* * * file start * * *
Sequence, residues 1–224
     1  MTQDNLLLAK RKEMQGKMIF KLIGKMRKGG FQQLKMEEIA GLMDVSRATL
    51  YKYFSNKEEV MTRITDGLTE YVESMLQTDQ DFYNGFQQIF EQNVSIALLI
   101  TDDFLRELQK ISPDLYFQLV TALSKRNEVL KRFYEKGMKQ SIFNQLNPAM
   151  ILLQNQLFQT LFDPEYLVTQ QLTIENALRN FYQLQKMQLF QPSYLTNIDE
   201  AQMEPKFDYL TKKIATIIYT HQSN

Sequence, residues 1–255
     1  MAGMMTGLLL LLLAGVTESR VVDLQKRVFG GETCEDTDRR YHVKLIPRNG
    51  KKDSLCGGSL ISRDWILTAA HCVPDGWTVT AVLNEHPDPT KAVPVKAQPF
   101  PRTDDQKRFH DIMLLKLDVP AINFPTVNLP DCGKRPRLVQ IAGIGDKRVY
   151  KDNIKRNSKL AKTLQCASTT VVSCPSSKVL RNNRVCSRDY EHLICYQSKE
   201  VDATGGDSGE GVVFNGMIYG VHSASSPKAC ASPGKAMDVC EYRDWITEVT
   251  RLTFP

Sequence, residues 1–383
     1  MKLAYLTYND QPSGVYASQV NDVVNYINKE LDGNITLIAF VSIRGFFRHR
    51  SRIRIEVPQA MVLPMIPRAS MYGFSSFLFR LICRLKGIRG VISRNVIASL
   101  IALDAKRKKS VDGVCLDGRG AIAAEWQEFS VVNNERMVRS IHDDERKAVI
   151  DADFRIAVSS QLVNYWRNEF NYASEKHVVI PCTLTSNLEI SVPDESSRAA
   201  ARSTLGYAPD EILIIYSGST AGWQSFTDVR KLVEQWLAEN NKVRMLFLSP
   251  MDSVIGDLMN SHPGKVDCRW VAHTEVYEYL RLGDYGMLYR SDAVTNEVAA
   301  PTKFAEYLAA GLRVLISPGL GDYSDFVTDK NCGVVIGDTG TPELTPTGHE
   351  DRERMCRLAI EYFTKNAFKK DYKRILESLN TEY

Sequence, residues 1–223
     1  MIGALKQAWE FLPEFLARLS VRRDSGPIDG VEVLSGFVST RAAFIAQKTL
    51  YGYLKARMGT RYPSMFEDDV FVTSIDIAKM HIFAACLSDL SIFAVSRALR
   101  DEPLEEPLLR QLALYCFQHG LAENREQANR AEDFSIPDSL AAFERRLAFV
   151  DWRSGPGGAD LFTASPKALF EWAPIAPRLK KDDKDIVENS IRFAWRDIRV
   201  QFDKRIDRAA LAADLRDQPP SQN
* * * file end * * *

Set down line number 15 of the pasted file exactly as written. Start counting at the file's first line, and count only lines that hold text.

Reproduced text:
     1  MKLAYLTYND QPSGVYASQV NDVVNYINKE LDGNITLIAF VSIRGFFRHR